Those who may visit here now and again know that, for the most part, I write on matters related to sea kayaking or trail running, passions Joan and I have shared for many, many years. Yesterday, I wrote about a tomato - a tiny, green tomato. Perhaps to legitimize, or to give some significance (at least in my own mind) to whatever the subject matter happens to be, I usually try to layer into the posting some little "gem" of wisdom. I suppose that it is simply in the hope that when the right index finger clicks "Publish Post", there will be launched into the blogosphere something of at least some value to someone, somewhere.
Reflecting on paddling, or minimalist running, or even on a tiny green tomato provides, at times, a gentle catharsis from my "day job", a calling that I have found deeply meaningful for some thirty-four years now. My vocation as a parish minister is one which often invites me to enter into some of the most difficult moments of people's lives, as well as occasions of their greatest joys. The former, I have never found to be easy, but I have always considered it a privilege. In light of this, reflecting on activities such as running and paddling is good fun, but it's also good therapy.
Running has been, for many years, an activity that can always be counted on to restore balance and perspective. The increase in the heart rate is accompanied by a soothing release of new energy. The pleasant effort of side-stepping rocks and roots on the trail focuses the mind. The regular cadence, that governs the timing of the placement of each foot, reassures and comforts. On a good day, you feel nimble and wonder how you could ever be as old as the birthdate in your passport would suggest! On a different kind of day when you wonder if you're ever going to make it home...you make it home. However the run goes, you feel renewed and refreshed and thankful for the experience.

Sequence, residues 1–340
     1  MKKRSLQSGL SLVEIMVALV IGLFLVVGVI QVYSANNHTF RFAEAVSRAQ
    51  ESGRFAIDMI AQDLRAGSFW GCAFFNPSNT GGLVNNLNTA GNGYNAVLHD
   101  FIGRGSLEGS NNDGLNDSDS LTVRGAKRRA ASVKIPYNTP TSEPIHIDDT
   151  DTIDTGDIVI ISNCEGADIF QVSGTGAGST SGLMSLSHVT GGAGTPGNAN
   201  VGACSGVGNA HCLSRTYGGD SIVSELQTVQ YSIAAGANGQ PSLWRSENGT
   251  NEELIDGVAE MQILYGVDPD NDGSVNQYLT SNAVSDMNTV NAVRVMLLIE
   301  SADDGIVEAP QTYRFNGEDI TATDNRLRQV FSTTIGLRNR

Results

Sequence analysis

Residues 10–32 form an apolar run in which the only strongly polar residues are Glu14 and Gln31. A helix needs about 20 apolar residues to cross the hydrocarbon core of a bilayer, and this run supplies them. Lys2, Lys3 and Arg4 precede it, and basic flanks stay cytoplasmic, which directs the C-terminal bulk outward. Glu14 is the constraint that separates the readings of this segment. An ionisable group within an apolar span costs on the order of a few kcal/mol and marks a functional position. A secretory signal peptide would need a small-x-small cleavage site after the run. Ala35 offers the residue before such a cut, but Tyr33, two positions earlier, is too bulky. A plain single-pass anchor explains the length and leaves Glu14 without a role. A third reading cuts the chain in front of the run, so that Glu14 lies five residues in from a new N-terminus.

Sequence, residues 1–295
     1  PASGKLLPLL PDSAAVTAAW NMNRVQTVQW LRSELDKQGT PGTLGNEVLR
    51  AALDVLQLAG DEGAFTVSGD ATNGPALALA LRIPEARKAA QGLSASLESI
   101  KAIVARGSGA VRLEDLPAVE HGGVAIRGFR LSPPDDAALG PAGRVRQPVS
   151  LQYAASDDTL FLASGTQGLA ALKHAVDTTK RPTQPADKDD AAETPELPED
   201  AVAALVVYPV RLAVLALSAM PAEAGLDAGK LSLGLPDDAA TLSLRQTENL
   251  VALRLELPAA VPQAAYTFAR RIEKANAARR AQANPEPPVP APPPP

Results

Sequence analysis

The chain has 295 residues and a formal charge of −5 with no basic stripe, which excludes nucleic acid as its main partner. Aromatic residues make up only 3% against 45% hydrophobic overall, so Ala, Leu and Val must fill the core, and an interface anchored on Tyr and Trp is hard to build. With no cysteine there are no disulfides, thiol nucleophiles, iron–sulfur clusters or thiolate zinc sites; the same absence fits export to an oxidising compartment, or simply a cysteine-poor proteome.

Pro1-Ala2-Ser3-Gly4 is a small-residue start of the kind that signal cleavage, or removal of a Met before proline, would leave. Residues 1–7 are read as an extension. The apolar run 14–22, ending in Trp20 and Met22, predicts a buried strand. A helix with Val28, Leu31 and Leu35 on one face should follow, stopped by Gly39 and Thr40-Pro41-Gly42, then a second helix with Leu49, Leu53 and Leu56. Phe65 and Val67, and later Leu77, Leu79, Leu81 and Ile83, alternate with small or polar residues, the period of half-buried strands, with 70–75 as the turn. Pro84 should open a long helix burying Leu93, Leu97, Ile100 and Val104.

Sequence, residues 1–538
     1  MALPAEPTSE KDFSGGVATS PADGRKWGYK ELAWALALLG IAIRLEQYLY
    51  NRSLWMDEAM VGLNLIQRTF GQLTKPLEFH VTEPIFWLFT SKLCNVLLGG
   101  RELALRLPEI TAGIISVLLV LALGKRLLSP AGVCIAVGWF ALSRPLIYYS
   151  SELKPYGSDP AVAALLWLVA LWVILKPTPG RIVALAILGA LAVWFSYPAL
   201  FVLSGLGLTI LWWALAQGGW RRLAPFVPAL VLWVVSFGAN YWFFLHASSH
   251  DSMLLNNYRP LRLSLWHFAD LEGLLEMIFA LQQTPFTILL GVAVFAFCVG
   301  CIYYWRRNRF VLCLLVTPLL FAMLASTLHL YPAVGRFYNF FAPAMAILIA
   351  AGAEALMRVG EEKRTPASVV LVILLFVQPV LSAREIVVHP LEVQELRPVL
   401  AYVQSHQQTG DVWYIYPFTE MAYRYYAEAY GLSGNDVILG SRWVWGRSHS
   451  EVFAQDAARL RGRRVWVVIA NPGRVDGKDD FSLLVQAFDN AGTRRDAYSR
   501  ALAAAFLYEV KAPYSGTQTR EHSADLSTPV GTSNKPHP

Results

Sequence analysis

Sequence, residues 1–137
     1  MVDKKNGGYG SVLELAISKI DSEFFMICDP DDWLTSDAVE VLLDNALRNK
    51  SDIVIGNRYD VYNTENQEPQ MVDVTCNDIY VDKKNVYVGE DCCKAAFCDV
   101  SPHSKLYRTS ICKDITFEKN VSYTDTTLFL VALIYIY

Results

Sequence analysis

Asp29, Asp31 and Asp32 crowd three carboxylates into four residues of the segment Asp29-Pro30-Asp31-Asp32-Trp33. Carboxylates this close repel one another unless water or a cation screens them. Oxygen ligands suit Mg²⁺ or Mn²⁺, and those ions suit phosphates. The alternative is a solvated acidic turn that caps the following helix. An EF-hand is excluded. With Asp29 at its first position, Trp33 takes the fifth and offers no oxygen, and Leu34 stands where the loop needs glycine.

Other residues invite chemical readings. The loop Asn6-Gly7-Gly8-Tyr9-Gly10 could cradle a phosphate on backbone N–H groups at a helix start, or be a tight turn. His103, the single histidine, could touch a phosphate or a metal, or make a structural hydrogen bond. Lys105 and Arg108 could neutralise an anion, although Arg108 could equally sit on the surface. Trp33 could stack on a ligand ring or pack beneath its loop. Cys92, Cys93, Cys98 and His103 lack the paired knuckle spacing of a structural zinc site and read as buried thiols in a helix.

That's why I write about running. Paddling a kayak on the ocean does exactly the same thing. And that's why I write about kayaking. Writing about tomatoes? Well, I'm not sure about that except that yesterday, what I saw growing outside our window, touched me.
Today, two more of our soldiers, both medics, died in a distant and dangerous place. For us, as a family, that place is not so distant. The picture above was taken by our son, also deployed to this remote and unforgiving land, during what was for us as parents, the longest seven months of our lives. So very few people could understand what we were feeling. As an army chaplain, I have had a further deep and personal connection with it all. And so on the most difficult and painful of days, we always seemed to find respite on the trail or on the water. As I look at the little child in the image, however, I know that I really can't begin to understand the nature of human need and human suffering, and I am deeply humbled by that fact. I know also that I must never be indifferent to it all.
The world needs us to be filled with the kind of hopefulness and creative energy that only compassion and our willingness to value one another can sustain. If writing about running or paddling, or even tiny, green tomatoes in an upside-down garden, gives us moments in which to regain our strength and our resolve for this very purpose, then none of it is really "fluff".
Take good care.